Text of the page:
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What if I said that there was a disease that affected one in four adults in the U.S.? This disease caused pain and hardship and the costs of curing it were considerable – ranging to thousands of dollars per patient? And, again: one in four people contacted this disease – 25% of the adult population?
Most epidemiologists would consider a disease that widely spread to be an “epidemic.” After all, the CDC considers an influenza outbreak to be an “epidemic” when around 7% of morbidity (deaths) in a given observation period are due to the flu.
Here in the U.S., however, there’s a long-standing affliction bearing down on a quarter of the population, but nary a mention of the words “epidemic.” In fact, officials who monitor this disease are loath to even see it for what it is: a public health crisis. That’s because the disease isn’t biological, it is social and technological. That disease is data theft.
While there is no comprehensive, federal accounting of this “disease,” a survey of 2,000 U.S. consumers released by the firm Accenture gives some dimensions to the problem. Accenture found that 26 percent of U.S. consumers have had their personal medical information stolen from technology systems. Of those, around half (50 percent) were victims of medical identity theft. Anecdotally, evidence of this epidemic can be found in your local paper, where the police logs will document a steady stream of complaints to local authorities about online fraud, credit card fraud, malware attacks and the like.
Hospitals and other healthcare facilities were the most common sites of identity theft. More than one-third (36 percent) of respondents who experienced a breach said it occurred in a hospital. Other common sources of leaked data: urgent-care clinics (22 percent), pharmacies (22 percent), physicians’ offices (21 percent) and health insurers (21 percent).
Of course, the healthcare sector isn’t the only source of data theft. The Department of the Treasury said it identified more than 800,000 tax filings that were fraudulent in 2015, totaling $4.3 billion in refunds. Numbers aren’t available for 2016 yet, but expect both the number of fraudulent filings and the cost to the Treasury to go up.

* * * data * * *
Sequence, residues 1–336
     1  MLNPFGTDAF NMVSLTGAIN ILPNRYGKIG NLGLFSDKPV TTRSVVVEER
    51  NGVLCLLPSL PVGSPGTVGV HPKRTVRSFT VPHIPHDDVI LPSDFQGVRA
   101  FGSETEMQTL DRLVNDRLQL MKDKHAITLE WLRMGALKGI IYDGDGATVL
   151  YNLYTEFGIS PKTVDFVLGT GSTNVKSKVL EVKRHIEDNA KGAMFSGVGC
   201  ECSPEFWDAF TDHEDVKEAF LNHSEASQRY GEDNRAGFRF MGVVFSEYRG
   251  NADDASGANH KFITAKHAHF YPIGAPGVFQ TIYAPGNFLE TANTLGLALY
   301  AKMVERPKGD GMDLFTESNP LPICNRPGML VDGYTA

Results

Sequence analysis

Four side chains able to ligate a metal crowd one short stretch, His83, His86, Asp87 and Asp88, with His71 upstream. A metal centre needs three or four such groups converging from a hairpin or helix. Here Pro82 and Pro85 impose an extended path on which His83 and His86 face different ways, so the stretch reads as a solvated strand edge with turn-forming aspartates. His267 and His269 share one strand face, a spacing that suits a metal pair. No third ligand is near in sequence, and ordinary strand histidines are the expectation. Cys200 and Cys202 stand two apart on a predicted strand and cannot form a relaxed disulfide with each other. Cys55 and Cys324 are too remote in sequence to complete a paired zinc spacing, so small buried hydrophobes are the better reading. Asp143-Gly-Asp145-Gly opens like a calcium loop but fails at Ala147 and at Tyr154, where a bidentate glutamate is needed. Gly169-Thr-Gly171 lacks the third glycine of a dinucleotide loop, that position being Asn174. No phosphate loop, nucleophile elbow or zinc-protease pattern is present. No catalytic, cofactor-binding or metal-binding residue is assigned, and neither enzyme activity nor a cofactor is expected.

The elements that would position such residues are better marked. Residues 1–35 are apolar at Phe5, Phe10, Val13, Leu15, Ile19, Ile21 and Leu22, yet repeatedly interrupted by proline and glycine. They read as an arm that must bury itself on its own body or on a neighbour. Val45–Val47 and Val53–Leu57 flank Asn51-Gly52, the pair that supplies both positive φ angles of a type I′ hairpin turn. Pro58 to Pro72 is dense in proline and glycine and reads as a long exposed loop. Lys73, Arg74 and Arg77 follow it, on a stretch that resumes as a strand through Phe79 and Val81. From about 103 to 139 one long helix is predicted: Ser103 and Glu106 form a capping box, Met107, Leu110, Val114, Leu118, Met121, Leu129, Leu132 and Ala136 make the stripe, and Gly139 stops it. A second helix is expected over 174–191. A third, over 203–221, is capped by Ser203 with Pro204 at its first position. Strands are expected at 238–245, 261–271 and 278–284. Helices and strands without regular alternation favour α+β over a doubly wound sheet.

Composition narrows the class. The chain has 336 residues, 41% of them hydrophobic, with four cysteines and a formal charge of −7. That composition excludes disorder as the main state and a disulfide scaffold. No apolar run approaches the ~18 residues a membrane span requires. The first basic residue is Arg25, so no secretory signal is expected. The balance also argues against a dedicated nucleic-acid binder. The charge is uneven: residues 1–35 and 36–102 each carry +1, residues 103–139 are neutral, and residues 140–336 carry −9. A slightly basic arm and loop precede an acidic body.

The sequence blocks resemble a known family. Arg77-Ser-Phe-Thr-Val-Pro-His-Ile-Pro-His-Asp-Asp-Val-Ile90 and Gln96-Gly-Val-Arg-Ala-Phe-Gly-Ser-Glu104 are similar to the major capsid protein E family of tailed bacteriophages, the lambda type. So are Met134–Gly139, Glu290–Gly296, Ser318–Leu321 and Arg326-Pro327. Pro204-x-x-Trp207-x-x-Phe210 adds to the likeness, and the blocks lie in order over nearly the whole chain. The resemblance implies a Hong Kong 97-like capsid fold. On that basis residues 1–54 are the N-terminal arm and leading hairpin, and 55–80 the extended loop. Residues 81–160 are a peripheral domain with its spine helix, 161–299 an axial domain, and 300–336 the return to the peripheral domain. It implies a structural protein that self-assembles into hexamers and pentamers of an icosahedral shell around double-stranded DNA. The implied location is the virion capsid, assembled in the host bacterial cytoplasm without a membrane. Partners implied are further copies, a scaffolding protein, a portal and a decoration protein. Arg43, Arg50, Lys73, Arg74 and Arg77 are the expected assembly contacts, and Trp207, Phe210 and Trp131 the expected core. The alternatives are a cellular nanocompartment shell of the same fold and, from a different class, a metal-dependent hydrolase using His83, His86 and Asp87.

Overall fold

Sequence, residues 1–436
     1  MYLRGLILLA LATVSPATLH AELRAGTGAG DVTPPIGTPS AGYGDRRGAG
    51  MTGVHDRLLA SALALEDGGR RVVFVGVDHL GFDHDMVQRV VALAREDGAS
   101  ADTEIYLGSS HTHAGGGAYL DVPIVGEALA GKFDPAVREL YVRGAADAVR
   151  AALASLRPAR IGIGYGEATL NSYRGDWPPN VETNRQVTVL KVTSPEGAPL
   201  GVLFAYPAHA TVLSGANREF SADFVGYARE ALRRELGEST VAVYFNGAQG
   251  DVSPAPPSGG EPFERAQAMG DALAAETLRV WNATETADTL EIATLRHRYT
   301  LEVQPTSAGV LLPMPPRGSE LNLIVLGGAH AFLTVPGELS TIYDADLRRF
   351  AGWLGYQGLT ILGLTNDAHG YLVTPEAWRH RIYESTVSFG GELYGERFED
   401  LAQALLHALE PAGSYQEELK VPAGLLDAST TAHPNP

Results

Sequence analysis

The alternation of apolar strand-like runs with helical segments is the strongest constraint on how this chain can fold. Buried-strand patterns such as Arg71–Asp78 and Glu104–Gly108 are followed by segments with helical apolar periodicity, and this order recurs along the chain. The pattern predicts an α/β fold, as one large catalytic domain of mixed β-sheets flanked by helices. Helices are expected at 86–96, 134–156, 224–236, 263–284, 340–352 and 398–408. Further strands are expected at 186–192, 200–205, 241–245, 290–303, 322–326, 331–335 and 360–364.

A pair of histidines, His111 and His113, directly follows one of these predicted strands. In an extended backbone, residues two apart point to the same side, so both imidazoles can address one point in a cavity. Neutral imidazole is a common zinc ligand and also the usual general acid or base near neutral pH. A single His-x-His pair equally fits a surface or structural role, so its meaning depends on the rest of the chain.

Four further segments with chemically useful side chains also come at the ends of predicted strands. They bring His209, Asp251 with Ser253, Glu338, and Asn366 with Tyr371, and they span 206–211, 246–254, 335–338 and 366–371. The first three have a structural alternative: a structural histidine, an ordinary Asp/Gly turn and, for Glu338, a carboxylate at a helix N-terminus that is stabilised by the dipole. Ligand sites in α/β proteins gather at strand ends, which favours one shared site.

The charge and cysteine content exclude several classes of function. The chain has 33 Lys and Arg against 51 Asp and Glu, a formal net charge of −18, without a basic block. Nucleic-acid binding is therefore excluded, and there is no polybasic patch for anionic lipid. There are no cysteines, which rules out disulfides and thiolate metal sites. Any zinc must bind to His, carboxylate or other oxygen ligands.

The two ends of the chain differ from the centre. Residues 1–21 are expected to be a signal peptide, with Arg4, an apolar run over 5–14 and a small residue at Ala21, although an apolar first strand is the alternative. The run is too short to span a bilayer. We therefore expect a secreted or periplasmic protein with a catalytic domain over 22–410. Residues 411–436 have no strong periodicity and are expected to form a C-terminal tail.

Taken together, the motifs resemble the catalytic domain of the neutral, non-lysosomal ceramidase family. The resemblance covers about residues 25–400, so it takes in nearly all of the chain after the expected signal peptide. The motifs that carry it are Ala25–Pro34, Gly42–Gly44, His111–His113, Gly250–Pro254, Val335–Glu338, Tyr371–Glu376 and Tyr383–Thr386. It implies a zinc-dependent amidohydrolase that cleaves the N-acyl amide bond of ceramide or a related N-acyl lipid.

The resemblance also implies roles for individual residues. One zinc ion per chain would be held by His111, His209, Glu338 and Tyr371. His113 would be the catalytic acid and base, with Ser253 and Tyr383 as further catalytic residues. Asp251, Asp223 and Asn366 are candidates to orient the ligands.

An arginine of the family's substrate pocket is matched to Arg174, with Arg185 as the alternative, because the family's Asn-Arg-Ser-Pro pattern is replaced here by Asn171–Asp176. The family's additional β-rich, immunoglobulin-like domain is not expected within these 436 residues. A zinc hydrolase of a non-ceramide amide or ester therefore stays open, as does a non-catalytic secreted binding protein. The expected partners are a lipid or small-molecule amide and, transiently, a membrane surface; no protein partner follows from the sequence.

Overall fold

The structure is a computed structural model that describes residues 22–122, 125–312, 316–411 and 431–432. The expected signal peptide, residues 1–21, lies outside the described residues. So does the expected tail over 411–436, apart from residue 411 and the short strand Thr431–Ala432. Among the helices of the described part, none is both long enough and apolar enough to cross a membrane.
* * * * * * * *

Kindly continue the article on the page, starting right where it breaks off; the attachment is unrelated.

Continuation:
Today, consumers in the U.S. face risks of online crime, identity theft and fraud in almost every arena: from healthcare and their interactions with government to banking and shopping. The consequences of being a victim are felt directly. Accenture’s survey found that stolen identity information was used to purchase items or for other fraudulent ends – for example: receiving medical care or prescriptions that are billed to the victim.
Still, there is precious little help for them. The Accenture survey found that half (50 percent) of consumers who experienced a breach found out about it themselves, through noting an error on their credit card statement or benefits explanation, whereas only one-third (33 percent) were alerted to the breach by the organization where it occurred, and only about one in seven (15 percent) were alerted by a government agency.
As for legal remedies: while victims of credit card theft are absolved of financial responsibility for fraudulent charges amounting to more than $50, that isn’t the case in other forms of theft. Victims of medical identity theft often have no automatic right to recover their losses, Accenture noted. In the case of medical identity theft, victims incurred $2,500 in out-of-pocket costs per incident, on average.
What’s to be done about this? Faced with previous epidemics and public health crises (think: smoking, AIDS or, more recently, Ebola), the U.S. government has mounted large scale, multi-front campaigns to turn back the tide. These efforts typically involved the work of multiple agencies of the federal government and extensive coordination with communities of experts and state and local authorities. Research and development was funded through U.S. universities to address core health problems (the spread of AIDS, smoking-related illnesses, treatment and a vaccine for Ebola). Those programs had the effect of changing behavior and addressing core problems – whether that was the availability of a dangerous product or the risk of certain behaviors.
Alas, no such effort has taken place to address the scourge of data and identity theft, so both threats and bad behavior persist. Despite the rash of tax identity fraud, for example, a report by the firm CyberScout found that most Americans (58%) were not worried about tax fraud and will continue to engage in practices that make such fraud more likely. A recent survey by the Pew Center found that 8 in 10 Americans simply memorize or write down their passwords, while a substantial minority (39%) “solve” the password complexity problem by reusing the same (or a very similar) password across accounts.
At the policy level, while the EU has codified still protections for consumer data and stiff penalties for companies that lose control of personal information (the EU GDPR), no similar federal law has found any traction in the U.S. Capitol in recent years. That has left it to states like California and, more recently, New York, to take the lead in protecting citizens – a patchwork approach that is confusing, costly for businesses to comply with and less efficient than harmonized federal laws.
The U.S. needs to fight another war – this one in the realm of public health and safety. The target should be cyber criminals and identity thieves who prey on our citizens and the goal: greatly reducing the incidence of data and identity theft.